As a student of Georgia Southern University, I come to campus every day prepared to learn and ready to have professors challenge me. Each day as I walk along the cobblestone paths past the numerous brick buildings, I notice the ominous feeling these buildings leave me with. As I approach the Newton building, I examine these bricks even closer and think about the off white classrooms waiting inside, realizing that Newton is just like any other building on campus.
When I reach my classroom for the day, I remember that unlike math or biology, my writing classes are a special place. It’s a time where my professors, who are novelists and poets with multiple published books, challenge me to make a difference. They pull me into a world where my words make a meaningless conversation into an enticing piece of art that leave people wanting more.
As a class, we do not memorize terms or examine graphs to learn, we read world-renowned poems, short stories and novels analyzing the published work. We come to class and fill pages of blank notebook paper with words drawn from writing prompts. We share our writing with the class and find ways to build each other’s work. A classroom setting in the Newton building feels like a writing family, a support system.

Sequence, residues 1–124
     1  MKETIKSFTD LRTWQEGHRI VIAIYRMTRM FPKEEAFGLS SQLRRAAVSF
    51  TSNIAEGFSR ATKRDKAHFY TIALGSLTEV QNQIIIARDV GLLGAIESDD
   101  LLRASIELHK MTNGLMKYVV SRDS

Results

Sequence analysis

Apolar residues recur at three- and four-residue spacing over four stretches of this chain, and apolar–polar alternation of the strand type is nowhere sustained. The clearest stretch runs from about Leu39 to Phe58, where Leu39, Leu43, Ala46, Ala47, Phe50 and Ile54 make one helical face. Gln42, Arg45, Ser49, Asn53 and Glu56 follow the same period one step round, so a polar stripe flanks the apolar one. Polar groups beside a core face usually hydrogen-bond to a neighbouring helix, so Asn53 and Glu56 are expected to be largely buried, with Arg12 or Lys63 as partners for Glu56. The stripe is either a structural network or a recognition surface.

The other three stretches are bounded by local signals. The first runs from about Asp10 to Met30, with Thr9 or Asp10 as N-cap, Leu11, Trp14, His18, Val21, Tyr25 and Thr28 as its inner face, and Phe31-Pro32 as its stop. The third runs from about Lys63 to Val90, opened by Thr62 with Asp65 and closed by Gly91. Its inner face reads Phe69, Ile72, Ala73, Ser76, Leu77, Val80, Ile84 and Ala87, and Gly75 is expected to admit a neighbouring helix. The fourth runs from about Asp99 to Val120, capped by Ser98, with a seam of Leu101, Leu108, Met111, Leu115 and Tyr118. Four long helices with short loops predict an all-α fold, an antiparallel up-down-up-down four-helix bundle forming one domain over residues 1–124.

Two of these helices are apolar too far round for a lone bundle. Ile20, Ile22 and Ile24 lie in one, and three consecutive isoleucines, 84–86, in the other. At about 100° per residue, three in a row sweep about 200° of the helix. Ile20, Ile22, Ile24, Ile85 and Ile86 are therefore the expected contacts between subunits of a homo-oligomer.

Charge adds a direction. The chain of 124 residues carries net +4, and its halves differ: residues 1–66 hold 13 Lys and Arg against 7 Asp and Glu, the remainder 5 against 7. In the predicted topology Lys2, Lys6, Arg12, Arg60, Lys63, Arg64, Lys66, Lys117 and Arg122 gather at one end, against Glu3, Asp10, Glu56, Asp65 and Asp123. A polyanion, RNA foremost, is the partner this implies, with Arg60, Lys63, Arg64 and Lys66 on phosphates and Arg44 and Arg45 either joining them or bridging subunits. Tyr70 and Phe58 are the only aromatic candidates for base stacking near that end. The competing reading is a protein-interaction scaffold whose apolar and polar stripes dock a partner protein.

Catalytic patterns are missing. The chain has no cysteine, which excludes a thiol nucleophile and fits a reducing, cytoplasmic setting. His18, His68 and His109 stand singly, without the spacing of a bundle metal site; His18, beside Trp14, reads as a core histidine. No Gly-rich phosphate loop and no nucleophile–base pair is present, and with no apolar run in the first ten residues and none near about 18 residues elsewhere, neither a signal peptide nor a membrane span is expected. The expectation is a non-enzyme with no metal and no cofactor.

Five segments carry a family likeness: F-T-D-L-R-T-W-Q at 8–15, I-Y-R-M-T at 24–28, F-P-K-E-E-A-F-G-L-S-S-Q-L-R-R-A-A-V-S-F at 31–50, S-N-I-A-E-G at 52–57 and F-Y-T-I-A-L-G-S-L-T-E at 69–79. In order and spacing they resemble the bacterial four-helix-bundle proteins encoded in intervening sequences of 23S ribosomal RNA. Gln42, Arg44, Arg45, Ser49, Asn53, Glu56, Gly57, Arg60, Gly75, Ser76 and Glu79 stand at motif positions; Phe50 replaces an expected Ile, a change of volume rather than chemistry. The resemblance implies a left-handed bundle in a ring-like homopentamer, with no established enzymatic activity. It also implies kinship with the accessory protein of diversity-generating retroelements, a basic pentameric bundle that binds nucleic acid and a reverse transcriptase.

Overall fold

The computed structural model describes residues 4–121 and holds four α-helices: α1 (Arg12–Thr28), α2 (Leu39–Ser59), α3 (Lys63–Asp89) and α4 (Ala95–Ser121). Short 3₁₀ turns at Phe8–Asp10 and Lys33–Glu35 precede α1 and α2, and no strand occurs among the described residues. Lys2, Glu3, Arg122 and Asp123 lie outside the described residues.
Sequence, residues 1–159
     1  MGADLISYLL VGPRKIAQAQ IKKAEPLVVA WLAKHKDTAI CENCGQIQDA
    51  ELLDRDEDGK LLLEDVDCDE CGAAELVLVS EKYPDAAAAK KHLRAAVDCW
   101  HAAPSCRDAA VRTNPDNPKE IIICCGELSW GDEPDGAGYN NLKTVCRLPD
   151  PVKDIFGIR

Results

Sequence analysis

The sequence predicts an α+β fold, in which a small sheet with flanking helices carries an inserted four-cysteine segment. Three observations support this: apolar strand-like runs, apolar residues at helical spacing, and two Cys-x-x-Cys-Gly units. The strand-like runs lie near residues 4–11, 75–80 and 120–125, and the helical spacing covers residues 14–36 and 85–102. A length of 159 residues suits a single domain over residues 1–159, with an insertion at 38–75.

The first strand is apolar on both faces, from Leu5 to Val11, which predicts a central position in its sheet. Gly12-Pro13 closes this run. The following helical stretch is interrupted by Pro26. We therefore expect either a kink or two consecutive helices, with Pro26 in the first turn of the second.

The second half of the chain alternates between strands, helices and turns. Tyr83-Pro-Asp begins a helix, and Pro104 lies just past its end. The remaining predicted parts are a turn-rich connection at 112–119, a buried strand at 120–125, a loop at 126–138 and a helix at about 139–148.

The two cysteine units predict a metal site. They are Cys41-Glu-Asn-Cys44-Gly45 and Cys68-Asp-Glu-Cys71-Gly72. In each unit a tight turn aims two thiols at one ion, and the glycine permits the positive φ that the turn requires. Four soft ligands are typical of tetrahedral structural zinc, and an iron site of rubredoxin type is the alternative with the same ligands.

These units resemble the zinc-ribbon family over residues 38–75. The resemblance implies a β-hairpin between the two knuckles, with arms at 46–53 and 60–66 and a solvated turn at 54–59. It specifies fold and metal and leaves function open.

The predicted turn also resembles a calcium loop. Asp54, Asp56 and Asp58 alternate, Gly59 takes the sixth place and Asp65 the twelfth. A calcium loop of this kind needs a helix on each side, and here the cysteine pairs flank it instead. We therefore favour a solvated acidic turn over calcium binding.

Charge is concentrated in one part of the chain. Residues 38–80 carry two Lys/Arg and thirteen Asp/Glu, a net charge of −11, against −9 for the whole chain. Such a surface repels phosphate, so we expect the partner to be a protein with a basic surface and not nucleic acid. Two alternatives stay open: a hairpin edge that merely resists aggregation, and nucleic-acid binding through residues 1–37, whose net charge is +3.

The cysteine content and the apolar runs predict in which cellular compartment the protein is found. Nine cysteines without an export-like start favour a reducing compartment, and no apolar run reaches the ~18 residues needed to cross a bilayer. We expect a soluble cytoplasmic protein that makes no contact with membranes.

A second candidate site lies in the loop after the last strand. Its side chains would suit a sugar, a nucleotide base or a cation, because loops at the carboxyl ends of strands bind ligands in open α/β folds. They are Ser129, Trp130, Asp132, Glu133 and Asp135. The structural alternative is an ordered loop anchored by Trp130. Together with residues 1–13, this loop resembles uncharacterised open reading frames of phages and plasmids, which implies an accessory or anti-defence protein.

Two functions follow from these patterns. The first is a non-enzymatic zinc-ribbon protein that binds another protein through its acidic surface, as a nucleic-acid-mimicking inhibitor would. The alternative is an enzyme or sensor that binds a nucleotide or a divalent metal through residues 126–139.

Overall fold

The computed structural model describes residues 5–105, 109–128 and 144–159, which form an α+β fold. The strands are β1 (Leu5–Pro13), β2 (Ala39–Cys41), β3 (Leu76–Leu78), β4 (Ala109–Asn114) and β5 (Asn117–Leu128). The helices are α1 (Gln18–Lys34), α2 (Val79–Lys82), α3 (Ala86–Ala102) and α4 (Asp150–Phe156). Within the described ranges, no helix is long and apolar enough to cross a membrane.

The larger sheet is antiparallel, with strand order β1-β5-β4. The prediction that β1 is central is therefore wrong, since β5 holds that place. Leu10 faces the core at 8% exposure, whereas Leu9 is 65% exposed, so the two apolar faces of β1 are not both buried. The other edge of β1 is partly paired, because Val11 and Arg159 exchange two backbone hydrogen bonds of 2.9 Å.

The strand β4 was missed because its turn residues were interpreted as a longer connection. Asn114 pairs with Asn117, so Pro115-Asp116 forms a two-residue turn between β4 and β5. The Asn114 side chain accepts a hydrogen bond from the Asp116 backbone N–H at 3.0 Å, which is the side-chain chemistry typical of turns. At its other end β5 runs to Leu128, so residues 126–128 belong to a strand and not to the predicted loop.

Over the past three years and seven writing classes, I have grown to love those off white classroom walls and each time I leave I anticipate the next time I am reunited with the inspiration that I am greeted with inside them. As a voice of the students in the Writing and Linguistics Department, I believe that I can say, the professors of our department have shaped me into a better writer. Although inspiration is a huge part of writing something moving, there is a craft in writing and this craft must be taught. I can now take writing sprung from inspiration and comb it into an incredible piece of writing. I owe this and so much more to my professors in the Department of Writing and Linguistics.